Courses / Undergraduate
R1B - 005 | CCN: 15151
The Craft of Writing - A History of Shadows: From Noir to Neo-Noir
Justin Vaccaro and KC Forcier
This course fulfills the second part of the Reading and Composition requirement. We will continue to work on writing analytical, argumentative papers but with an added emphasis on research, both doing research – from generating research topics to locating and evaluating sources – and writing research papers which will integrate and correctly cite sources in support of your own original and provocative claims.
Our subject this spring is the most mysterious of genres, the film noir and its successor neo-noir. The classic era of film noir was the 1940s till the late 50s. Yet, during that time the term, even the idea of film noir didn’t exist. Hollywood filmmakers considered themselves to be making mysteries, psychological thrillers, melodramas, and crimes films. It was critics after the fact (first in France and then in America) that noticed something new that bound these disparate films together: A proliferation of shadows and dangerous urban landscapes; an existential, cynical view of the world; a focus on corruption, betrayal, and violence; downbeat endings, and poisonous glamour.
But is it a genre? Unlike Westerns, Musicals, and Sci-fi films there is no defining element to point to in every or even most noir films (though there are noir Westerns, Musicals, and Sci-fi films). Yet the idea of film noir quickly took hold of both filmgoers and filmmakers. It is, appropriately, an obsession. And since the mid-1960s it has spawned its own ‘genre’ neo-noir. To this day the noir style has maintained its influence and attraction particularly in the films of Christopher Nolan, Quentin Tarantino, David Fincher, and many others.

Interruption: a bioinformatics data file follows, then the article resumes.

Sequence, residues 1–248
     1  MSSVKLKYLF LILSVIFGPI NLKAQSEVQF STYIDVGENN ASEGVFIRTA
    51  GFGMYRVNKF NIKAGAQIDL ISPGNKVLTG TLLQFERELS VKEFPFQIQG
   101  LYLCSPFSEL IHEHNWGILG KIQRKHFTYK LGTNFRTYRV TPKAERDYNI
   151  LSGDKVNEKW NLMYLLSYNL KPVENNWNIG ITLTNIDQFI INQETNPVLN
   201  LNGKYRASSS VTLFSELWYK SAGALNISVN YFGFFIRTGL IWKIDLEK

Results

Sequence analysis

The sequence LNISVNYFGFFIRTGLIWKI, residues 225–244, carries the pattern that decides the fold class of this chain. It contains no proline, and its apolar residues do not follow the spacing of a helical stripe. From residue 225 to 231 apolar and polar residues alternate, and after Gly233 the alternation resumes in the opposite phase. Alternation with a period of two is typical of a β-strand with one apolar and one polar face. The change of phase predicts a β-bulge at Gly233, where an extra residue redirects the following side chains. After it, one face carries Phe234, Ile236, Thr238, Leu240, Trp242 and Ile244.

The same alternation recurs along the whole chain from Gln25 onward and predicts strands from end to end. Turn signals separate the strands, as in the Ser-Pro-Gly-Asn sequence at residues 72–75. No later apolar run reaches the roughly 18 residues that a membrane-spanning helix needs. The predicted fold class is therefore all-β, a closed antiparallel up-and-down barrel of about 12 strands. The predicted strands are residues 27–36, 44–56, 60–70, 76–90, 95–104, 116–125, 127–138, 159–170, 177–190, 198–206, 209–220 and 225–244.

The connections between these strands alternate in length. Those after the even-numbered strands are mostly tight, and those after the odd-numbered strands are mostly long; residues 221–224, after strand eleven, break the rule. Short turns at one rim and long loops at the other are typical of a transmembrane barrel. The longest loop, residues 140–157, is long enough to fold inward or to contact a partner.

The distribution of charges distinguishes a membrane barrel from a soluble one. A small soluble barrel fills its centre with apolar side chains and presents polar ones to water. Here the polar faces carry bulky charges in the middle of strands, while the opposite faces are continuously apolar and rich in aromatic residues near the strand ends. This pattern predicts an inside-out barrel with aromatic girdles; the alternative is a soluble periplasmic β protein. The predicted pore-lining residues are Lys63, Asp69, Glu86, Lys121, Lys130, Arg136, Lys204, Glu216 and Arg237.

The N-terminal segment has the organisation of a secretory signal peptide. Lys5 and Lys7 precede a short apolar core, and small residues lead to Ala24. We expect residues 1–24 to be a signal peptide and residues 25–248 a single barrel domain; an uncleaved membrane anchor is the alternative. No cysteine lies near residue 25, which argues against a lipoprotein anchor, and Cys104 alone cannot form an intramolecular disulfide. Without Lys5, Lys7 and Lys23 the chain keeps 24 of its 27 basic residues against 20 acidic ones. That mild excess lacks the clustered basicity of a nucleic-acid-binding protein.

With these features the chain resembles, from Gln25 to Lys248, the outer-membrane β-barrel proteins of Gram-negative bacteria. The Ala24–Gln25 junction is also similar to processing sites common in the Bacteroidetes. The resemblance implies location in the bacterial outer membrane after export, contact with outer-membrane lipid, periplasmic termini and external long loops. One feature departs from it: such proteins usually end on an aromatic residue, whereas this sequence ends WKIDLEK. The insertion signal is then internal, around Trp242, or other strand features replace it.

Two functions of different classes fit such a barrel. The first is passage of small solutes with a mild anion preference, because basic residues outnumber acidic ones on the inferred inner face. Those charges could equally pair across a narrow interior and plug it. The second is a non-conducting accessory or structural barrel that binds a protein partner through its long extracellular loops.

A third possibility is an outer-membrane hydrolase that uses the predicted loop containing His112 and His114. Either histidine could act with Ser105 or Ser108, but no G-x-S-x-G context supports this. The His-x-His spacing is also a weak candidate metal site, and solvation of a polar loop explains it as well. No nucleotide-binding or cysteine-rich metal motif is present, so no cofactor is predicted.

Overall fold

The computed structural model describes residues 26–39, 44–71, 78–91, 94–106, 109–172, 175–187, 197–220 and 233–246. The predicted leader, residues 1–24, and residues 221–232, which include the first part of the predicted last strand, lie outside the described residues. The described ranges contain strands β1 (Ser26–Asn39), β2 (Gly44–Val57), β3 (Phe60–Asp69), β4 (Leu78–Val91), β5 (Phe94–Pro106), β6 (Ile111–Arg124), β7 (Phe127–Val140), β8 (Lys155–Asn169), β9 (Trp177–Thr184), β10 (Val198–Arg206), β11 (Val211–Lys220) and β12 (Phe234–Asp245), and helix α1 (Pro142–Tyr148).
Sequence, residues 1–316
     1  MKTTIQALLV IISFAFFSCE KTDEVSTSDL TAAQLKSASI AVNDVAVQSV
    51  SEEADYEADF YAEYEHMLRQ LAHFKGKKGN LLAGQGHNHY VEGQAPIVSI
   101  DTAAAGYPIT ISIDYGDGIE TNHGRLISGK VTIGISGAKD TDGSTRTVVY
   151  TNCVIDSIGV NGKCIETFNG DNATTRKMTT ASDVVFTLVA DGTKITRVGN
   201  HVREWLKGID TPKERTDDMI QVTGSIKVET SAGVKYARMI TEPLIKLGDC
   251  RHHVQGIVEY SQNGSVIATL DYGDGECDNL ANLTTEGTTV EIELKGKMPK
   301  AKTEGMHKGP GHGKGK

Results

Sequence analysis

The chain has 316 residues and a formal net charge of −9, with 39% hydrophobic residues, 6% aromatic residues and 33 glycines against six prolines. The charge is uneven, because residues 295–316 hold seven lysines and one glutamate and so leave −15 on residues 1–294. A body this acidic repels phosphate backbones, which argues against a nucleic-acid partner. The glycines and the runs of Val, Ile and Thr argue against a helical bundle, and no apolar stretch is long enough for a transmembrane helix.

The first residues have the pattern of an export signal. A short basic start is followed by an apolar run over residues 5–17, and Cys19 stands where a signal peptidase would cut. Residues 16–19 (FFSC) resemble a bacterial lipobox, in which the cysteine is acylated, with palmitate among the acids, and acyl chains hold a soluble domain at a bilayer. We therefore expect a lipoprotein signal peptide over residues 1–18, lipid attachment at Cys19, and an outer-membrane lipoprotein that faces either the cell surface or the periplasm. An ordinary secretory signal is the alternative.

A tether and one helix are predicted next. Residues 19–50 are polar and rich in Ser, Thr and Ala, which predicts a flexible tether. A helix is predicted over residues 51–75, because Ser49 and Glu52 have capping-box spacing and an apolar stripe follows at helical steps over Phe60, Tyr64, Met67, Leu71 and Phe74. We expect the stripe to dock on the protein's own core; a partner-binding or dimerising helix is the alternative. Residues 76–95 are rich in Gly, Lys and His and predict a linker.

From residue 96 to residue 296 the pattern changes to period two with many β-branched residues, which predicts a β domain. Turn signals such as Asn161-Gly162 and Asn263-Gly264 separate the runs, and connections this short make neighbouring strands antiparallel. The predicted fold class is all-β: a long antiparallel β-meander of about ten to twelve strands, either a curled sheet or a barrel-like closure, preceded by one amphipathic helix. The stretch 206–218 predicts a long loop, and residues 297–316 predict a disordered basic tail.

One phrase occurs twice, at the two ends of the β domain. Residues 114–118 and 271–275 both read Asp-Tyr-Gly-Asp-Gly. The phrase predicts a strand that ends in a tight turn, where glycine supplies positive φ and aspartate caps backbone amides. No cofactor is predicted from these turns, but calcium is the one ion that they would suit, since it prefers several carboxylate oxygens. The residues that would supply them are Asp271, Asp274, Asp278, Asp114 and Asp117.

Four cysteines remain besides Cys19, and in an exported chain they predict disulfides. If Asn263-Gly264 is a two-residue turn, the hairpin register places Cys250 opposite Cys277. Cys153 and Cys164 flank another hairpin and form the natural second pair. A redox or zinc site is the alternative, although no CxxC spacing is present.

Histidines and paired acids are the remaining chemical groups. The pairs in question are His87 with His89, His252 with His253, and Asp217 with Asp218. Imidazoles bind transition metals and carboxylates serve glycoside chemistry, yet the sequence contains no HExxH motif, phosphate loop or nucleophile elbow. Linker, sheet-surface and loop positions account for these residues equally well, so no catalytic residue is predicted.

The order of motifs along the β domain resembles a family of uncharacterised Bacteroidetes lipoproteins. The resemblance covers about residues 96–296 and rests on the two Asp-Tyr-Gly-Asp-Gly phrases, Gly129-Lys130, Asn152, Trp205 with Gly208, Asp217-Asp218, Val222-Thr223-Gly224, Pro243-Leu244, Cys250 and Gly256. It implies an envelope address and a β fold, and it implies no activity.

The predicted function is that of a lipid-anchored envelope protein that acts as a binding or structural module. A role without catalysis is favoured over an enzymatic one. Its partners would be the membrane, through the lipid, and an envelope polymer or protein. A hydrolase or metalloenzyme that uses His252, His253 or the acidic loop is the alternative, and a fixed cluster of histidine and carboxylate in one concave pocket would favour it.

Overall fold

Our course will pursue the elusive idea of film noir through viewings and analyses of some of the classics of the genre. We will then explore its lasting influence on cinema through a sampling of neo-noir films from around the globe. Throughout, we will consider these films as both responding and contributing to their historical moment. What questions are these films an answer to?
Constructing answers, and finding new questions will be the tasks of this course. Students will focus in on the specific audio-visual details of the noir, connecting this evidence to the world outside of the film. In so doing, students will learn the essentials of performing academic research so that they grow comfortable synthesizing a wide range of theoretical lenses and conducting original research across venues, be they libraries, databases, the Internet, or in archives.
Our course about the dark but appealing world of film noir will give students the tools necessary to craft nuanced arguments which embrace ambiguity, ultimately allowing them to thrive within an academic setting and beyond.